§ LORD CHELMSFORD,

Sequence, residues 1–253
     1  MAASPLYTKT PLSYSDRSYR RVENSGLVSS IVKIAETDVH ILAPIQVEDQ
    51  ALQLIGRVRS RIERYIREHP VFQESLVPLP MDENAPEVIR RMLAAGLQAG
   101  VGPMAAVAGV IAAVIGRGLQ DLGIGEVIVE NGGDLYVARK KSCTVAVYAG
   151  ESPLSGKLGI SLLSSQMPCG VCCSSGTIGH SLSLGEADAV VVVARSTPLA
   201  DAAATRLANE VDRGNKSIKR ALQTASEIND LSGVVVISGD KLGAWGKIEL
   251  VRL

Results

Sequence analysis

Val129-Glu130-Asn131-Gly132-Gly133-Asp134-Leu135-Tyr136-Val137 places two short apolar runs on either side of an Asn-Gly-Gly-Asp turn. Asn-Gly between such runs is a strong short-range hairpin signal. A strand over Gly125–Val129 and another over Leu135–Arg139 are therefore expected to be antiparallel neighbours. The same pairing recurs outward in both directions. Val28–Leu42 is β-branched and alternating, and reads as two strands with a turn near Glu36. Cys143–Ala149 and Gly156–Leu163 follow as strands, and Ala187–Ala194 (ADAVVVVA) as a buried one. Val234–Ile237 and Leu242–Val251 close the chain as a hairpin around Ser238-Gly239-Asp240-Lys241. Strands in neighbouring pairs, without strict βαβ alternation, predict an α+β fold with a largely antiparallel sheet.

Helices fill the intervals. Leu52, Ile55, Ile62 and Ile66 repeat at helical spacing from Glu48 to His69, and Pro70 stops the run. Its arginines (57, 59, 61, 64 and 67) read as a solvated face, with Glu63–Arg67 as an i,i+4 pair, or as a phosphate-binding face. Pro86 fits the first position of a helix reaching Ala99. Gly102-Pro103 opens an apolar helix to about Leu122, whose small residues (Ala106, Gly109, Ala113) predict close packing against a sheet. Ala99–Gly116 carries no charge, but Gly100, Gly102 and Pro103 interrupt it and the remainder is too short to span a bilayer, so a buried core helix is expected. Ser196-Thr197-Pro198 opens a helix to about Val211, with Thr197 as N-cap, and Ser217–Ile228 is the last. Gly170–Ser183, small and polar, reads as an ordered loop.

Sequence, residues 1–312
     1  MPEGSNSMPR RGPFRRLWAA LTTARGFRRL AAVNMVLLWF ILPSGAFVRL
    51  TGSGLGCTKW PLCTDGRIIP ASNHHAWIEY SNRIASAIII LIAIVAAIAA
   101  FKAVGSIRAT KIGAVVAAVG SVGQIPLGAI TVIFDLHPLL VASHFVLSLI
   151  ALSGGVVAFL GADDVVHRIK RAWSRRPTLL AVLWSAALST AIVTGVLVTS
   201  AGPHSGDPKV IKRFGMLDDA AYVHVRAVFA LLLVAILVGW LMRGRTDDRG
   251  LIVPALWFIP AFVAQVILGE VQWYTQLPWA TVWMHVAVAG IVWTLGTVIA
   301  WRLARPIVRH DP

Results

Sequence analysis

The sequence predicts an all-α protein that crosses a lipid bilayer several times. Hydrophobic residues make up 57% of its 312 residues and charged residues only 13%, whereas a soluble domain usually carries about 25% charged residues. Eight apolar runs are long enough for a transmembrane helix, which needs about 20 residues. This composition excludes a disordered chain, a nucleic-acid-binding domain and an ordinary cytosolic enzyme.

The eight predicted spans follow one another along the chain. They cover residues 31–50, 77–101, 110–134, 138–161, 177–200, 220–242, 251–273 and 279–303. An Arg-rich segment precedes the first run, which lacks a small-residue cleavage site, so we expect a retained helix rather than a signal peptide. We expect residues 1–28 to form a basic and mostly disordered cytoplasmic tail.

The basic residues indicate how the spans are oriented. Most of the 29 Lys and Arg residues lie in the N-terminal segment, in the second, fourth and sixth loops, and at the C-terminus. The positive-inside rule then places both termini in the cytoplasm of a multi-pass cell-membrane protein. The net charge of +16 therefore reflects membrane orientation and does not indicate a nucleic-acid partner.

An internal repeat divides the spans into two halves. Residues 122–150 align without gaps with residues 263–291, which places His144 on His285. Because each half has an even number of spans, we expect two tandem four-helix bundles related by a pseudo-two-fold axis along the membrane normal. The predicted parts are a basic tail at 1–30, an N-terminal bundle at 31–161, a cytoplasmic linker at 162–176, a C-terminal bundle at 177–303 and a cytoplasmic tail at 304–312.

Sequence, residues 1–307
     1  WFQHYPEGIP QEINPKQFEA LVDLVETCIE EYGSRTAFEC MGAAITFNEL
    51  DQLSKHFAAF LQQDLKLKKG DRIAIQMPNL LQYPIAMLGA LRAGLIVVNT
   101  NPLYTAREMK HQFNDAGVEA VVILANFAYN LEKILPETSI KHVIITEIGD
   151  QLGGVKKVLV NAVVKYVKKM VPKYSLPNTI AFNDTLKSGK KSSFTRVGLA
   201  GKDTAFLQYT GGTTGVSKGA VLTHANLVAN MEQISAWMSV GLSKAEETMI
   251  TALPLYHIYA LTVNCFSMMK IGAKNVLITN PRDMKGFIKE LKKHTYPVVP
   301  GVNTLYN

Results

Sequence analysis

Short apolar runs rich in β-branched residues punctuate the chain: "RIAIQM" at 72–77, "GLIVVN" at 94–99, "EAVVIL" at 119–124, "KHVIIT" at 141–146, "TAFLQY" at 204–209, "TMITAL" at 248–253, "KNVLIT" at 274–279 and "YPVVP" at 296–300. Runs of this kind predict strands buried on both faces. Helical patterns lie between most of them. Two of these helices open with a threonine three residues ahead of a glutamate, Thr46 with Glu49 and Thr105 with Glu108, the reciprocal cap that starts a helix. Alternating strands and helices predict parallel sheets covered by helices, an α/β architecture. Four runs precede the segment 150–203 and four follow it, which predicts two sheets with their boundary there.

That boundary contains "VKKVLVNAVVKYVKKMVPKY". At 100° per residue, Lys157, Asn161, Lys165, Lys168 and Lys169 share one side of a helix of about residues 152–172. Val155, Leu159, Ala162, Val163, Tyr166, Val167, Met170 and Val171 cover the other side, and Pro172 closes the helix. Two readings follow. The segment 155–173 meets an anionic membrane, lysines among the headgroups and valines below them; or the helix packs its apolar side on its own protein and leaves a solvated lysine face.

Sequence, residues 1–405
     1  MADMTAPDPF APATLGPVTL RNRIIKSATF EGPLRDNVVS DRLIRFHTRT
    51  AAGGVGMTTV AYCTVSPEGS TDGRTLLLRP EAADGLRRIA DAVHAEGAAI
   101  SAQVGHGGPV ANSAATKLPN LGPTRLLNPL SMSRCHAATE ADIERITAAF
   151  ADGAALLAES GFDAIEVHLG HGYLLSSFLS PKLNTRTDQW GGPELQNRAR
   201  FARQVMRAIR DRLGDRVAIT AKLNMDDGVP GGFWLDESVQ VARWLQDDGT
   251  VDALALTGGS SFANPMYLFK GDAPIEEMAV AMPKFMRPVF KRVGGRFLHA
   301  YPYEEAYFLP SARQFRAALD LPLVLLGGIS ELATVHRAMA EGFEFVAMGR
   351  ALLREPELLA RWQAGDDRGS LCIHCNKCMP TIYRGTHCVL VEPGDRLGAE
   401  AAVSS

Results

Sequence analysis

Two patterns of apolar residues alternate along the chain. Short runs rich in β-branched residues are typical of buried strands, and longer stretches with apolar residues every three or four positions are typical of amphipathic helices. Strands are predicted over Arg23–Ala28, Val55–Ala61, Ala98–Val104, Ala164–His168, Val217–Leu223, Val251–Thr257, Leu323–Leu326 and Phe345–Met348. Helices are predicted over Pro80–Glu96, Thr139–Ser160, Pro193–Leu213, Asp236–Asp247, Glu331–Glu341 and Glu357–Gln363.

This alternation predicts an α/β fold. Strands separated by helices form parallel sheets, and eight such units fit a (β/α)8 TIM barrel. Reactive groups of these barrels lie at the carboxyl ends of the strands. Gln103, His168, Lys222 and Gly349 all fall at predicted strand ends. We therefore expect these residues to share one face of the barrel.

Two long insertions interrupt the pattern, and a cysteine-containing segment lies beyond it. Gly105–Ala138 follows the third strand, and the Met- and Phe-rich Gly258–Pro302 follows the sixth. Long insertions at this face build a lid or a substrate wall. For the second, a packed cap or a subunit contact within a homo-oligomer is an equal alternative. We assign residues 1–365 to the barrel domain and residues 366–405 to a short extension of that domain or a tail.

in rising to ask the First Lord of the Admiralty a Question with respect to the Distribution of the Parliamentary Grant amongst the Flag Officers of the Fleet employed in the Expedition to Kertch and Yenikale, said, that in order to render the Question intelligible to the House, he must be permitted to make a few remarks. It would be in the recollection of their Lordships that, during the Crimean war in 1854, an expedition was sent to Kertch and Yenikale, in conjunction with our allies, and that as one result of the expedition a large quantity of various kinds of stores, consisting of coals, guns, steam machinery, and other articles of the estimated value of nearly £200,000, was captured. All the stores were appropriated to the public service; and the captors, of course, expected that the value would be ascertained and the amount distributed as prize money. For some reason or another, however, no claim was made till 1861, when the Government refused to recognize the claim, or to grant 1531 the slightest remuneration for services by which the country had so largely benefited. He would do the noble Duke the First Lord of the Admiralty the justice to state, that he fought a good fight for the service over which he presided; that he endeavoured to prevail on the Government to grant a sum of money as remuneration to the captors. A correspondence took place between the Admiralty and the Treasury on the subject, and a difference of opinion arose between these two Departments of the Government, which led to what he supposed he must call, in the words of Shakespeare, "No quarrel, but a sweet contention." In the result, the Treasury was too strong for the noble Duke, and he was compelled to give way. He did not impute any blame to him, but he thought it was to be regretted that he did not give permission to the captors to prosecute their claim in the Admiralty Court. The reasons for the refusal, as stated by the Queen's Proctor, were the lapse of time, and "the capture having been a joint one by the army and navy, and farther complicated by having been made in conjunction with the French army and navy, Her Majesty's Government do not consider it expedient that any step should be allowed to be taken by the Court of Admiralty towards obtaining the condemnation of these stores." Thus the only avenue to the obtaining justice was closed. But the opinion of both Houses of Parliament was expressed so loudly in their favour, that Government was obliged to give way, and ask for a grant of money as remuneration for the services of the captors. Accordingly, during the last Session, a sum of £85,925 was voted for that purpose. He thought that the terms of the grant were essential to be considered in determining the question which he had submitted to the noble Duke. The Vote of that sum of money was "for the officers and men employed in the Expedition to Kertch and Yenikale." Now, it was impossible to put any other than one construction on these words. Subsequently to this grant a Royal Warrant was issued, reciting that the grant had been made to "the officers and men comprised in the expedition to Kertch and Yenikale." Now, the words "comprised in" were either equivalent to the words in the grant "employed in," or they were a mis-recital of the grant. The Warrant went on to direct that the money voted by Parliament should be divided among the army and the navy 1532 in the proportion of three-fourths to the navy and one-fourth to the army, and it directed that it should he distributable "according to the rules of the naval service," and that if any doubt should arise as to the distribution, or as to any claim relating to the matter, it should be determined by the Board of Admiralty. Now, their Lordships would observe that this Warrant gave no original authority to the Board of Admiralty to decide any question relating to this distribution. It was only in case of any doubt arising that they were to decide as a court of appeal. But the Admiralty instantly assumed the original right of directing the mode of distribution. In ordinary cases of prizes the course was in the first instance to ascertain the proportion of the whole amount to be set aside as the share of the flag-officer or officers. If there were only one Admiral on the station he would be entitled to the whole; if there were two, the senior Admiral received two-thirds and the junior one-third. If there were three or more, then the senior took one-half, and the other half was divided amongst the others. Upon the present occasion the only Admirals employed in the expedition, and therefore the only parties within the terms of the Parliamentary grant, were Lord Lyons and Sir Houston Stewart. The sum, which was found to be the flag share, was £2,856. Of this sum Lord Lyons would have been entitled to two-thirds, and Sir. Houston Stewart to one-third. But the Admiralty, taking upon themselves the distribution of the money, divided it into moieties, and gave £1,428 to Lord Lyons, and with regard to the remaining £1,428, they distributed it to Sir Houston Stewart, Admiral Boxer, Admiral Stopford, and Sir Frederick Grey. Now of these Admirals the three last-named were not employed in the expedition at all. Admiral Boxer was at Balaclava, Admiral Stopford at Malta, and Sir Frederick Grey at Constantinople. Therefore, by the mode of distribution adopted by the Admiralty (if the terms of the grant did not include these persons), Lord Lyons had been deprived of about £457, and Sir Houston Stewart of about £595. The Admiralty had taken upon themselves to decide not according to the terms of the grant. Parliament having given this money expressly as a remuneration for the services of the persons employed in the expedition, the Admiralty, assuming, in the first place, a jurisdiction which 1533 did not belong to them, had taken upon themselves to divide the Admiral's share according to the ordinary mode of distributing prize money. He admitted that if this were ordinary prize money, the absent Admirals would be entitled to their fair share. The noble Duke might say that the terms of the Warrant justified the Admiralty in the course they had pursued, because by its terms the distribution was to be "according to the rules of our naval service." But, supposing those words meant that Admirals who were not employed in the expedition were to have shares, then he submitted that the Crown had no power whatever to go beyond the terms of the Parliamentary grant, which grant defined the recipients. But there was another interpretation of the words of the Warrant quite consistent with the words of the grant. "When the Warrant directed that the distribution should be made "according to the rules of our naval service," it must be taken to mean "according to the shares and proportions to which the parties are entitled under the terms of the grant." That this case differed from an ordinary case of prize money was as clear as anything could be. If this had been an ordinary case of prize money it would have been the bounden duty of the Admiralty, under the 5th section of the Act of 1854, to have set apart a portion of the sum granted by Parliament to our allies, the French. But this was not, and could not be considered as a case of prize money, and the money had all along been looked upon merely as bounty given to the captors. He understood, in the discussion of this subject in another place, that great stress was laid on the terms of the Prize Act of 1854. If he could go beyond the terms of the Parliamentary Grant, he should certainly take the clause of that Act in favour of his view of the question. The clause, for example, provided that in conjoint expeditions of the navy and army against any fortress or position on land, the flag and general officers, and other officers acting in such expedition, should have each such proportions as Her Majesty might direct of all arms, munition, goods, wares, and merchandize as might be found in such fortress or position after final adjudication as lawful prize, and that the distribution should take place in the same manner and proportions as in other cases of lawful prize. It was clear, therefore, that the clause referred solely to persons acting in 1534 those expeditions, and gave a right of distribution only among them and no other, so that it was completely opposed to the view which the Admiralty had taken. Lord Stowell, he might add, in two or three of his decisions, had distinguished the captures made in land expeditions by the name of "bounty," instead of "prize;" and so marked is the distinction that Greenwich Hospital has been held not to be entitled, with respect to conjoint expeditions, to a proportion of the money as the naval share, which, in cases of prize, belonged to it under the Act of Parliament. Thus, whether the distribution was looked upon in connection with the Parliamentary Grant, or as having taken place under the operation of the Prize Act of 1854, the decision of the Admiralty would be equally unjustifiable, inasmuch as they had departed from the terms both of the Grant and of the Act of Parliament. What, under those circumstances, he wished to ascertain from the noble Duke was, whether, before the Admiralty came to the determination at which they had arrived on the matter, they had obtained the opinion of the Law Officers of theCrown—he did not mean the special advisers of the Admiralty, but the Law Officers of the Crown, to whom it was usual to refer all questions of importance of this kind. There was another point he wished to put to the noble Duke, and he trusted he would look favourably on the suggestion he (Lord Chelmsford) was about to make. For his own part, he denied the authority of the Admiralty to interfere in the case, because the claim for the distribution being confined to those persons who were actually employed, all that remained to be determined was the proportion to which each of those persons was entitled. But, assuming the appellate jurisdiction of the Admiralty, he wished to point out that the Royal Warrant, although it said their decision was to be final, yet contained a proviso, to the effect that Her Majesty reserved to herself the right of making, within three months of the time when the decision was notified, a different order. He was not sanguine enough to suppose that he had satisfied the noble Duke that his interpretation should be rescinded and a new order made, but he did trust that the noble Duke would allow the question to be determined by an impartial tribunal. He was probably aware that, under the provisions of the 3rd and 4th of the Queen, sec. 22, power was given to the Court o 1535 Admiralty to decide all questions relating to bounty, in cases which might be referred to it by Her Majesty, acting upon the advice of her Privy Council. To that Court, then, he would suggest that the matter should be referred. In the present instance, it happened by accident that one of the Board of Admiralty was personally interested in this matter—and who was, consequently, one of the Judges. Their Lordships would not suppose for a moment that he believed that would have the slightest influence on the decision, or that the gallant officer to whom he referred took any part in it; but they all knew how apt unjust suspicions were to arise; and, in order to remove or prevent them upon the present occasion, he hoped the noble Duke would avail himself of the opportunity he had of allowing the case to be sent into a Court, where it would be decided by a Judge of great experience and undoubted impartiality, whose decision, whatever it might be, would put an end to all doubt and all misapprehension.